On a hot summer afternoon, an ambulance is dispatched to a park to evaluate a patient complaining of weakness. The EMS crew finds an adult male sitting on the grass next to a shopping cart filled with miscellaneous items. The on-scene police officer reports that the patient is cooperative and appears to be alert but slightly confused.
The EMS crew approaches the patient and begins their assessment. The patient says he did not sleep well the prior night, doesn’t think he has eaten since yesterday, and feels very weak. He mentions he has been in the sun all day. The EMS crew finds his skin warm and dry to the touch, with his heart rate slightly elevated. He is wearing a coat, several long-sleeve shirts and pants with boots, despite the temperature and humidity. The patient appears to have been sweating earlier.
The assessment reveals the patient is alert and oriented to person; he is confused about the year and can’t remember the name of the park. His identification card indicates he is 85 years old, has a history of heart problems and is allergic to “some medications.” An empty nitroglycerin bottle is found in his pocket. His primary complaint is generalized weakness. He doesn’t think he has sustained any recent trauma and denies having chest pain, shortness of breath, nausea, vomiting or diarrhea. He reported sharing “some drinks and some smokes” with a friend the night before. He also states he has been sitting in the park “most of the day.”
With the patient sitting, the providers take an initial set of vital signs. His respiratory rate is 20 with clear lung sounds, no obvious signs of distress, regular heart rate of about 102 and blood pressure of 112/80. No jugular vein distention or peripheral edema are noted.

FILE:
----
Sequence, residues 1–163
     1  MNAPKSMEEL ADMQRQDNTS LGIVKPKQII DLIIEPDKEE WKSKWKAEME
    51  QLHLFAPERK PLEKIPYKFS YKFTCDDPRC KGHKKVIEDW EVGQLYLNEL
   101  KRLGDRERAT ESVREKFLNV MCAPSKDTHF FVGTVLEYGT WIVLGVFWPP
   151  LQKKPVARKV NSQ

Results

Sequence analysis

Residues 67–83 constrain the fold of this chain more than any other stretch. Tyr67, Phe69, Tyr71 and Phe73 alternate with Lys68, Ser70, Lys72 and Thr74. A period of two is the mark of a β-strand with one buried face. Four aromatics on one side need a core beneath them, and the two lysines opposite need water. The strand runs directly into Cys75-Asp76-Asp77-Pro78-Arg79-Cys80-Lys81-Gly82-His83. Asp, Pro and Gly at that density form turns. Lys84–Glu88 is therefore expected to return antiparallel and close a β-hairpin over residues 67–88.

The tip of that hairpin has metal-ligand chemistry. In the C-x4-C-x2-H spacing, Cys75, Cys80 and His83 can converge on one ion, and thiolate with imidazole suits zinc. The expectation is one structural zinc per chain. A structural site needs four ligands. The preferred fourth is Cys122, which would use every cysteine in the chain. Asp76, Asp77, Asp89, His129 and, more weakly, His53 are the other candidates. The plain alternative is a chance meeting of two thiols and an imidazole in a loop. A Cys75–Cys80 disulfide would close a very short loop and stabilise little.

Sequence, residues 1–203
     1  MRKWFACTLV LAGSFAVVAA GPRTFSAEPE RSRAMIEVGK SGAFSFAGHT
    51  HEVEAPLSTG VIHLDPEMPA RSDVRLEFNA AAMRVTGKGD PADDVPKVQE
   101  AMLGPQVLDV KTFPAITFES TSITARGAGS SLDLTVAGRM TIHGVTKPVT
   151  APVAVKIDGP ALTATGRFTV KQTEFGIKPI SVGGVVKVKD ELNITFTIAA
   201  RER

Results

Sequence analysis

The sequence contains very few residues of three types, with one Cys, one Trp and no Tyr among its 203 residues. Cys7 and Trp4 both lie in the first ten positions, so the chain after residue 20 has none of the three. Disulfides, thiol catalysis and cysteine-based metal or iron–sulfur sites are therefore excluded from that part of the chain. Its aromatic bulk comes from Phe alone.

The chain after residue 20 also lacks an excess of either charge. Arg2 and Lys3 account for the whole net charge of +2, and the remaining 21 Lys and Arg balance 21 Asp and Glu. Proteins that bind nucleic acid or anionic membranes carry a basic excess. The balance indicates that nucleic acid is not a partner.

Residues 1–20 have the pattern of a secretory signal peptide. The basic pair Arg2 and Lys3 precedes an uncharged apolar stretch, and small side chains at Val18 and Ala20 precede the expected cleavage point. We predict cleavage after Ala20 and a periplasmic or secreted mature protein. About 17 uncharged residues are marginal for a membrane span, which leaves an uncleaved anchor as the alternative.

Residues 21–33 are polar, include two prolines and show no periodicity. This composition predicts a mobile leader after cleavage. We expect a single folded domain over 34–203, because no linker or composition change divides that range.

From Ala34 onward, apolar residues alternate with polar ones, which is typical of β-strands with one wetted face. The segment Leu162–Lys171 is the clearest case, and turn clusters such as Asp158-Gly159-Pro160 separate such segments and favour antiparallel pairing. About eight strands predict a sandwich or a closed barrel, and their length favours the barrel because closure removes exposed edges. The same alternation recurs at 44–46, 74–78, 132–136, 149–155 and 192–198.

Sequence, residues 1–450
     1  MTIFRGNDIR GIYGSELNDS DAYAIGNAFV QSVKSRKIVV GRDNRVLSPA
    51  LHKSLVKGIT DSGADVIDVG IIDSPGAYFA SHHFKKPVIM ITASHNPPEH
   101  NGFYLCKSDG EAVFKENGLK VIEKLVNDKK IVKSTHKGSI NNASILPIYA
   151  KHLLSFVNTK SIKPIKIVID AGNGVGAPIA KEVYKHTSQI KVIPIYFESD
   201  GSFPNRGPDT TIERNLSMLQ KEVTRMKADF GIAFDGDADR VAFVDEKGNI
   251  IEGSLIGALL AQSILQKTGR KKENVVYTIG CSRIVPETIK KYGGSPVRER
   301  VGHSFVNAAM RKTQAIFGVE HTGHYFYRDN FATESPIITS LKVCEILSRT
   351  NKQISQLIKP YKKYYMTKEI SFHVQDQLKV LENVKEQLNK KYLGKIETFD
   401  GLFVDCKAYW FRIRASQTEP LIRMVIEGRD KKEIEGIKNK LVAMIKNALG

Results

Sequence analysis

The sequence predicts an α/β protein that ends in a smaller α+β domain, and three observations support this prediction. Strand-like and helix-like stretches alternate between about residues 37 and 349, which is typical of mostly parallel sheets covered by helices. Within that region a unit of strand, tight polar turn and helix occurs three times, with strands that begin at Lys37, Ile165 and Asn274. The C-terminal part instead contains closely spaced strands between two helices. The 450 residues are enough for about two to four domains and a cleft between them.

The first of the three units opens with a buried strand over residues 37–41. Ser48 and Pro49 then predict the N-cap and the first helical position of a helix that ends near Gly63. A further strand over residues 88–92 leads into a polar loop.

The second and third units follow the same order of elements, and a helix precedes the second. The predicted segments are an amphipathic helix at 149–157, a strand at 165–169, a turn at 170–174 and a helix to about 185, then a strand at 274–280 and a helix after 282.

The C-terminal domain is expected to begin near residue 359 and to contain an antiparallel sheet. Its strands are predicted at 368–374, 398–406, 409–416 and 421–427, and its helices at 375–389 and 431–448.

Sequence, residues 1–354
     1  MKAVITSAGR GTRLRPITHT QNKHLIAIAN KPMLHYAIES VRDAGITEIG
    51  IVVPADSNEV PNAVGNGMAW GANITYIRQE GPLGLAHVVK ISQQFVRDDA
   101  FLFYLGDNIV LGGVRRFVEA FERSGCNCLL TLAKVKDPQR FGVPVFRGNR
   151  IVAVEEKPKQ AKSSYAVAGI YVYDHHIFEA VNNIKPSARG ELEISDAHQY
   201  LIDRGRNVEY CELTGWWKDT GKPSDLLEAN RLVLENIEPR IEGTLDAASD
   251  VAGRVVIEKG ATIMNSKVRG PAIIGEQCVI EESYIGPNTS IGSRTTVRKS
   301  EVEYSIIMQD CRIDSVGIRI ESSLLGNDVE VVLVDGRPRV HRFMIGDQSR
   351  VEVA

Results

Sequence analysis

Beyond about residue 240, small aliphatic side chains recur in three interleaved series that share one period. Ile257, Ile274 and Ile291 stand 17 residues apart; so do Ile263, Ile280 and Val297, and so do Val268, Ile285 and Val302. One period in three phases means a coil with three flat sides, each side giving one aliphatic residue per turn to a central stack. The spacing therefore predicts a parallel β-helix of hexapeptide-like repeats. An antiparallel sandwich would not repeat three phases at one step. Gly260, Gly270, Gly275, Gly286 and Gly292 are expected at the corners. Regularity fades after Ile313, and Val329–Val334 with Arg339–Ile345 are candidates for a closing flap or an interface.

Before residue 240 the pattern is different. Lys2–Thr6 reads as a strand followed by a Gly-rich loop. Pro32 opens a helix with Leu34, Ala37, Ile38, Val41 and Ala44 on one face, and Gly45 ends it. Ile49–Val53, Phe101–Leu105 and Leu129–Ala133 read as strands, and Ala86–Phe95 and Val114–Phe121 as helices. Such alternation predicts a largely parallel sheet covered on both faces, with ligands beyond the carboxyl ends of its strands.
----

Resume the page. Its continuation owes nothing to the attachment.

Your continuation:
Prior to moving him, the crew assesses the patient for orthostatic vital signs. After having him stand from a sitting position, the EMS crew reassesses his vital signs. The patient’s heart rate is now 122, blood pressure 102/70 and he has a slightly labored respiratory rate of 26. The patient states that he feels dizzy as the EMS crew helps him sit on the stretcher. The patient asks someone to move his cart behind a bush so he can get it when he comes back to the park.
After moving the patient to the ambulance, the crew checks the patient’s blood glucose and applies the EKG monitor. The blood glucose reading is 48 and the EKG shows a sinus tachycardia at 108. His blood pressure has risen to 118/78 and respirations are 20 with clear lung sounds. The patient says he still feels weak and tired. The EMS crew establishes intravenous access, initiates a 750-cc bolus of normal saline and administers 25 grams of dextrose intravenously.
The patient is assessed and observed in the emergency department for 6 hours with no subsequent nausea or vomiting. Repeat orthostatic vital signs improve, as do the symptoms of weakness. The patient is diagnosed with a hypoglycemic episode and dehydration and is discharged.
Homeless individuals, including adults and children, can be found in any community.1–4 EMS providers will likely respond to and care for a homeless individual at some point during their career. Due to this potential, providers should be aware of the unique challenges and more common medical conditions the homeless patient may present.
1. Layers of Clothing/Coverings
A thorough patient assessment should be performed, which may require exposing the patient’s skin. The homeless patient may be wearing multiple layers of clothing/coverings. If it is necessary to expose the homeless patient’s skin, such as to palpate the patient’s chest and/or abdomen, apply EKG pads or auscultate breath sounds, providers should try to avoid cutting or tearing the patient’s clothing/coverings since they may be the only garments the individual has.